The «there are no winners» narrative has taken hold in the Folau case, but that’s a vague cliche.
When you get in a bare-knuckle legal fight, the adversarial nature of the process means that there are only winners and losers. When all the arguments are heard, someone wins and someone loses. Someone has credibility and someone doesn’t. And we all now know who doesn’t.
Those backing Folau’s right to freedom of speech or freedom of religion also fail to comprehend the ‘megaphone’ nature of social media.
At the absolute core of this argument were two things.
First, that Folau knew of the consequences of his actions, despite the odd claim by Nick Farr-Jones that he was never given clear boundaries as to what he could and couldn’t post. The tribunal clearly found in favour of Rugby Australia here, particularly Castle’s submission that she had «multiple» conversations with Folau or his manager and that he had acknowledged the hurt caused by last year’s post.
Second, that Rugby Australia wasn’t denying Folau freedom of religion.
The killer line from Castle on Friday was: «We have many players that quote the Bible on their social media platforms, as Mr Folau did for the first nine months of his new contract.»
While it has been widely reported that Folau will take further legal action, it is hard to see where he might go given the above two points.
Those backing Folau’s right to freedom of speech or freedom of religion also fail to comprehend the «megaphone» nature of social media.
If Folau had made his comments about homosexuals, fornicators, etc inside his church, and a recording was taken by another party and was made public, RA would have been on incredibly thin ice pursuing his dismissal.
While they may have objected to his comments, trying to sack him would have crossed a line because it would have effectively meant they were going inside the walls of his place of worship and penalising him for something he said in that environment.
However, with Instagram and those public platforms, Folau has made the decision to step outside his church and transmit his views to the world. There is a difference here.
The issue of Castle’s credibility is also central to her ability to continue in the role.
Undoubtedly, there will be those who seek her dismissal with renewed vigour. But let’s be frank here, this has been going on in some sections of the media anyway.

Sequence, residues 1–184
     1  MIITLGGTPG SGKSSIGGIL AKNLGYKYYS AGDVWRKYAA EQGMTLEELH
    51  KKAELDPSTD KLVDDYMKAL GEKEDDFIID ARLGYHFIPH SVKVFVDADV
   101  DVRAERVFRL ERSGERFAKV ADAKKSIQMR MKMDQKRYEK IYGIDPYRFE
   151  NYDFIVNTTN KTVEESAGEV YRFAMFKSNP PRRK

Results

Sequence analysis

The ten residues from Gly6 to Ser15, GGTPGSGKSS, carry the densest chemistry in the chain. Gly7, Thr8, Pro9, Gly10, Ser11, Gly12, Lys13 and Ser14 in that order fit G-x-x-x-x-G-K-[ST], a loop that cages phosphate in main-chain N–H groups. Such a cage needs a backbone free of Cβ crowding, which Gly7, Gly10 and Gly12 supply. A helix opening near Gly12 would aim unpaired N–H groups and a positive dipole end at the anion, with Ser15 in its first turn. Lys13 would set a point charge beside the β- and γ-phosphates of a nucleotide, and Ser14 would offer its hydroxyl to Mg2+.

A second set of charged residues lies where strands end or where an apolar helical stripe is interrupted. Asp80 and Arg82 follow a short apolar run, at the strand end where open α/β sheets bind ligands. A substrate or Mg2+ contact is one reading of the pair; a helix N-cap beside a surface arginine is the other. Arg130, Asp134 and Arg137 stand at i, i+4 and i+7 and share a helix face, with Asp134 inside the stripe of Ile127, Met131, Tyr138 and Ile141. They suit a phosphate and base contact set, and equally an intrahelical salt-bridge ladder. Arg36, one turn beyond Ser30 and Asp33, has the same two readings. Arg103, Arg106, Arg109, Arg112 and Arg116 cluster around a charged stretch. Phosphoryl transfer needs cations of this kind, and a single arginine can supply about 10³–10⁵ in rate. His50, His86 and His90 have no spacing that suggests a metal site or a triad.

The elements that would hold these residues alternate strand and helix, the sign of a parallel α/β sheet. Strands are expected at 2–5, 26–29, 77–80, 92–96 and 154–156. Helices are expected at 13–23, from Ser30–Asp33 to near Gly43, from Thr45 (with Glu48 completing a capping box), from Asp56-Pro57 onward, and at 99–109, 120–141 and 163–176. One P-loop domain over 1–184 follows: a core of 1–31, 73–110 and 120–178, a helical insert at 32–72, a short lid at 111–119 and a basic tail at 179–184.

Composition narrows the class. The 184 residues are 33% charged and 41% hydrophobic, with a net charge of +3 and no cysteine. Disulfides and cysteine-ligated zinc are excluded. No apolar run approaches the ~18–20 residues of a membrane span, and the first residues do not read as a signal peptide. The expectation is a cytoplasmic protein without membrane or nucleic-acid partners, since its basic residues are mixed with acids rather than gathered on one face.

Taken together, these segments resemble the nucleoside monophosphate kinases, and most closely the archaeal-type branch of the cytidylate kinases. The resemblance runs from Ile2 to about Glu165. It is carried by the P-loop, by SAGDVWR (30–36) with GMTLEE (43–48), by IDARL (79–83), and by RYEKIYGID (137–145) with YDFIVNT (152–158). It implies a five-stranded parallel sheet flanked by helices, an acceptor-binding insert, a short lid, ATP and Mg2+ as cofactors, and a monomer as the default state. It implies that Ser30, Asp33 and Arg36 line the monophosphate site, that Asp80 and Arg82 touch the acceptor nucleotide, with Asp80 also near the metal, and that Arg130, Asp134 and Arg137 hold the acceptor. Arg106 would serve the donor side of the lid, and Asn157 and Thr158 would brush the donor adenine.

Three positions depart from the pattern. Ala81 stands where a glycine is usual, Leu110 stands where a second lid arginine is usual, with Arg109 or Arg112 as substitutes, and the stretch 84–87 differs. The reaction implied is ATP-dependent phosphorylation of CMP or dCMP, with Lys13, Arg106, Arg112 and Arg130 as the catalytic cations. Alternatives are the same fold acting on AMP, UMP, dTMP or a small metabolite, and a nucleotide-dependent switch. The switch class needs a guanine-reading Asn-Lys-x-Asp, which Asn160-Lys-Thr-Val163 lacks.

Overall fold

Castle is held responsible for every poor decision that Rugby Australia has made during the past 15 years, never mind the fact that the Kiwis think the revitalised Junior Wallabies team could win the Junior World Championships this year.
In other words, some of the more trenchant criticism can be put in the «hot air» category.
So, the fundamental issue pertaining to her future is whether Castle alone was effectively led up the garden path by Folau.
The answer here is no: there seemed to be a consensus at Rugby Australia/Wallabies/Waratahs level that Folau would pull his head in for the greater good. Collective decision; collective responsibility.
On that point it has been noticeable how front and centre Andrew Hore and Michael Cheika have been throughout the controversy.
This does not get Castle off the hook entirely but it does provide some context as the microscope now turns to the chief executive.
Castle was careful not to indulge in any verbal fist pumps on Friday.
Yet, it was clear that she has taken this whole affair personally and was painfully aware of the consequences she would face had Rugby Australia not won the fight.
That was clear in her language in describing Folau.
It wasn’t «Israel», it wasn’t «Izzy», it was «Mr Folau».
Not a Wallabies star, not world rugby identity, just a former employee she had taken on – and beaten.
Paul Cully is a rugby columnist for The Sydney Morning Herald.